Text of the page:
Perhaps I spoke too soon. As it turns out, we haven’t seen the last of the genius who gave us “Alien” and “Blade Runner.” Ridley Scott, science-fiction powerhouse, has returned with “The Martian,” a simple but not slight survivalist picture about Earth’s best and brightest trying to save one man stranded on Mars.
Unlike recent woe-is-space actioners, Scott’s return to form values humor and harrowing feats of scientific daring-do over existential dread, providing for a refreshing change of pace. Matt Damon delivers a decidedly charismatic star performance as Mark Watney, the stranded in question, a simultaneously cocky and self-deprecating botanist whose resilience, ingenuity, and plain-ole’ sense of humor saves him when the shit hits the fan, literally and figuratively. Because the film begins smack-dab in the middle of that failed mission, where his crew are forced to abandon him in the Mars desert, we get to know Watney through his predicaments, not beforehand, an interesting narrative choice that almost doesn’t work. But I’ll be damned if you don’t care about him by the end of one early scene where he extracts shards of a satellite antennae from his own stomach, with nothing but pliers, long tweezers, and a personal mirror. Meanwhile, NASA intelligentsia scurry around Earth crafting a rescue plan, hemming and hawing about the hows, whys, and difficult public ties. Channeling his work on “The Newsroom,” Jeff Daniels is the no-nonsense NASA director worried about the grand scope of public perception, and Kristen Wiig his more genial second-in-command. Chiwetel Ejiofor and Benedict Wong are the engineers of Watney’s survival, geniuses in their own right whose hopes and dreams stand toe to toe with mother nature. Sean Bean shows up to stick up for the rights of the crew returning home, and rapper/sitcom star Donald Glover steals scenes as an eccentric youngster with a peculiar solution. Jessica Chastain is the take-charge commander of that crew on board the Hermes, with Michael Pena, Kate Mara, Aksel Hennie, and Sebastian Stan making up the rest. Everyone acquits themselves admirably, in particular the always funny Pena, but this is Damon’s show. His love of science shows through Watney, and it’s absolutely infectious, if not always comprehensible for the layman. That goes for the film as a whole, an adventure that matches this year’s “Tomorrowland” for optimism and can-do attitude. In this not-too-distant future, NASA is alive and thriving, a concept that’s hopeful in of itself, and Scott obviously relishes that, taking Andy Weir’s book and milking those themes of human exceptionalism for all their worth.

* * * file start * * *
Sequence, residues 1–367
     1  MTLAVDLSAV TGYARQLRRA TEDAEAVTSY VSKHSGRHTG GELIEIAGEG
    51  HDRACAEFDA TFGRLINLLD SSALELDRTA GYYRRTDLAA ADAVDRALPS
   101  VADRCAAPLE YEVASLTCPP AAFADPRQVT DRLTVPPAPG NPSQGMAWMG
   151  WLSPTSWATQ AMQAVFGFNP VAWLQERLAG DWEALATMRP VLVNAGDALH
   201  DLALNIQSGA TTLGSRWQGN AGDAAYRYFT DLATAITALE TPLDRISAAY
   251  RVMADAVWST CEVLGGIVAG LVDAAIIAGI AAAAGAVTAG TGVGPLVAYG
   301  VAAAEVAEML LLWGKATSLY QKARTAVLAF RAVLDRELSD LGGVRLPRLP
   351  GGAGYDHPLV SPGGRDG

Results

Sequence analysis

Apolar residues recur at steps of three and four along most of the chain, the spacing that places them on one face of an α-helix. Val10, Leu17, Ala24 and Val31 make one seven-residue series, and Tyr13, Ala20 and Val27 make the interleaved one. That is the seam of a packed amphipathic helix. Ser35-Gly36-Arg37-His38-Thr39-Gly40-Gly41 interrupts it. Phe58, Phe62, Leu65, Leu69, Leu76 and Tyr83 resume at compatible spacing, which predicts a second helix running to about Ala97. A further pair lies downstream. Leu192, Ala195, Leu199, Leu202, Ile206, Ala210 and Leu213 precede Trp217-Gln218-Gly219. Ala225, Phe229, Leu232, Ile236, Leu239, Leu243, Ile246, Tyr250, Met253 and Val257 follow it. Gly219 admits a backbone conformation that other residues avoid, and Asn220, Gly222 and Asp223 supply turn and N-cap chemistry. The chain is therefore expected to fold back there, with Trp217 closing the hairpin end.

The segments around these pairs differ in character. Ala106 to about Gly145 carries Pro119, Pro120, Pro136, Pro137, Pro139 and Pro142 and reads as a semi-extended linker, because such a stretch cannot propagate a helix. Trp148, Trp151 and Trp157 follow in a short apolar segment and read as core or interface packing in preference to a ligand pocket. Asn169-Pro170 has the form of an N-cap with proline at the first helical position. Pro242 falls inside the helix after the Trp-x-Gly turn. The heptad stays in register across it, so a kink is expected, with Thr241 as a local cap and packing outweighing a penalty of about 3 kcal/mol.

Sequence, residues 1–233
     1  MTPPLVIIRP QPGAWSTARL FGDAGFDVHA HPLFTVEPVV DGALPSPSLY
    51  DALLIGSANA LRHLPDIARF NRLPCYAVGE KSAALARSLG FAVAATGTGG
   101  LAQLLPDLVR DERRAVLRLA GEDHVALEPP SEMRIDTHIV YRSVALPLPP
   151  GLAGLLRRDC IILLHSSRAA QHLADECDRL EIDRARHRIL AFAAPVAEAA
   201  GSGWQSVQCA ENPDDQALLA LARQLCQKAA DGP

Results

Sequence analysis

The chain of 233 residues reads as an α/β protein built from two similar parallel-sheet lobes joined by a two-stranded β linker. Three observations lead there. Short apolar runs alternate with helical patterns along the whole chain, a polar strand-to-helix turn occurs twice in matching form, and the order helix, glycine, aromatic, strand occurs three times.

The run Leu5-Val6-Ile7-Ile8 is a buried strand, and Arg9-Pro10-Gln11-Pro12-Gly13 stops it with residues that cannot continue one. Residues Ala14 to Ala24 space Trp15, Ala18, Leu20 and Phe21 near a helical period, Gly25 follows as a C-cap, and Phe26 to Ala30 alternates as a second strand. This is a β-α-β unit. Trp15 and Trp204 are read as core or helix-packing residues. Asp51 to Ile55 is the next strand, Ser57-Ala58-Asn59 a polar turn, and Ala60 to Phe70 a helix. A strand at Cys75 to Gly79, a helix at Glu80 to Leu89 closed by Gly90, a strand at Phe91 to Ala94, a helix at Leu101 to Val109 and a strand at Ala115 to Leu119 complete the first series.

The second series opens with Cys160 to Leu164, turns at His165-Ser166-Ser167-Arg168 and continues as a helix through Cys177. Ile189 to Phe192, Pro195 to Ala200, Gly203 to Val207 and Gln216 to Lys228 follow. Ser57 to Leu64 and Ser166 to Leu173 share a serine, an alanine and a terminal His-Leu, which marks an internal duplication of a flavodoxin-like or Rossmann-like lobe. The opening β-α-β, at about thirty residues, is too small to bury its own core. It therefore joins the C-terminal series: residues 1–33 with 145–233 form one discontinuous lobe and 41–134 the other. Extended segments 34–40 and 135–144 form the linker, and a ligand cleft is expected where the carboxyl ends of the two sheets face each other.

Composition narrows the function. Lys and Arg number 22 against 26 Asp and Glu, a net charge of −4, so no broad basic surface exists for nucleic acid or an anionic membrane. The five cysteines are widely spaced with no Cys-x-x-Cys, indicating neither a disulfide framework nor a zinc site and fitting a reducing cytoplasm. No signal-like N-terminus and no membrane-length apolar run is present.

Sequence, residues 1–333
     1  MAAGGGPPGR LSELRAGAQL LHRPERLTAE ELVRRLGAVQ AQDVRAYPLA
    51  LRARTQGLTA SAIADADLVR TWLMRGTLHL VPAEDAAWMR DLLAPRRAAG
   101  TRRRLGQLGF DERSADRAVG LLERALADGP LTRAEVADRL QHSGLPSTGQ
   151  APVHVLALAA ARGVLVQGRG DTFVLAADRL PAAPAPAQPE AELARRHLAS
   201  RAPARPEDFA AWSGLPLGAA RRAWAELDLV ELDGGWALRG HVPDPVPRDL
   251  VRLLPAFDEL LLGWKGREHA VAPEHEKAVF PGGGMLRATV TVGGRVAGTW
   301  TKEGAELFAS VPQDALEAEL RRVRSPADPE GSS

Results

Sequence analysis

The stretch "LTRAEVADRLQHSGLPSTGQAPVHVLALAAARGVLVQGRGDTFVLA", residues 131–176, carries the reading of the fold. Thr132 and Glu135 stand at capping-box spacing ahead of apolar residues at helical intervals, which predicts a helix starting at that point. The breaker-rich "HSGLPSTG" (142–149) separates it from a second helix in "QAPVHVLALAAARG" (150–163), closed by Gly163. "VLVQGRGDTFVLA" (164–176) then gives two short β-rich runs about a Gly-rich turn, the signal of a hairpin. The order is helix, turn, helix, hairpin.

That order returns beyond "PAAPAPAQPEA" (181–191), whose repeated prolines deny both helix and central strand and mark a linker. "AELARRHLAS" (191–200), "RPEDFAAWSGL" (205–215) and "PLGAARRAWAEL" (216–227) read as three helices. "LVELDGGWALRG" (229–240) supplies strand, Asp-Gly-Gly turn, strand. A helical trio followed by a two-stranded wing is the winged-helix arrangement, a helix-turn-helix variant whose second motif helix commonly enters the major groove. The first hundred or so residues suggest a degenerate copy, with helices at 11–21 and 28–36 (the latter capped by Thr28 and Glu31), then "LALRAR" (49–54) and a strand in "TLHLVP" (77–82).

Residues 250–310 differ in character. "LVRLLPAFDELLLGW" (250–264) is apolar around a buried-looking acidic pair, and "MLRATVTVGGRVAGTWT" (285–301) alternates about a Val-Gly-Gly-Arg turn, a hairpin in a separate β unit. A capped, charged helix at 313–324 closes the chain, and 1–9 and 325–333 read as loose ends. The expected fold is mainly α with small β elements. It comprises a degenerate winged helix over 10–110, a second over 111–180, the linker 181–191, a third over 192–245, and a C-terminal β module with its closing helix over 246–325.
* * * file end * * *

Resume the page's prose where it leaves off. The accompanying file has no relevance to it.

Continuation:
Smartly, Ridley’s directorial quirks take a backseat to the witty script by Weir and screenwriter Drew Goddard, so while the movie doesn’t measure up visually to the likes of “Gravity” or “Interstellar,” it makes up for it by making you laugh while your palms are sweating. “The Martian” turns science into popcorn entertainment, and that’s alchemy worth cheering for.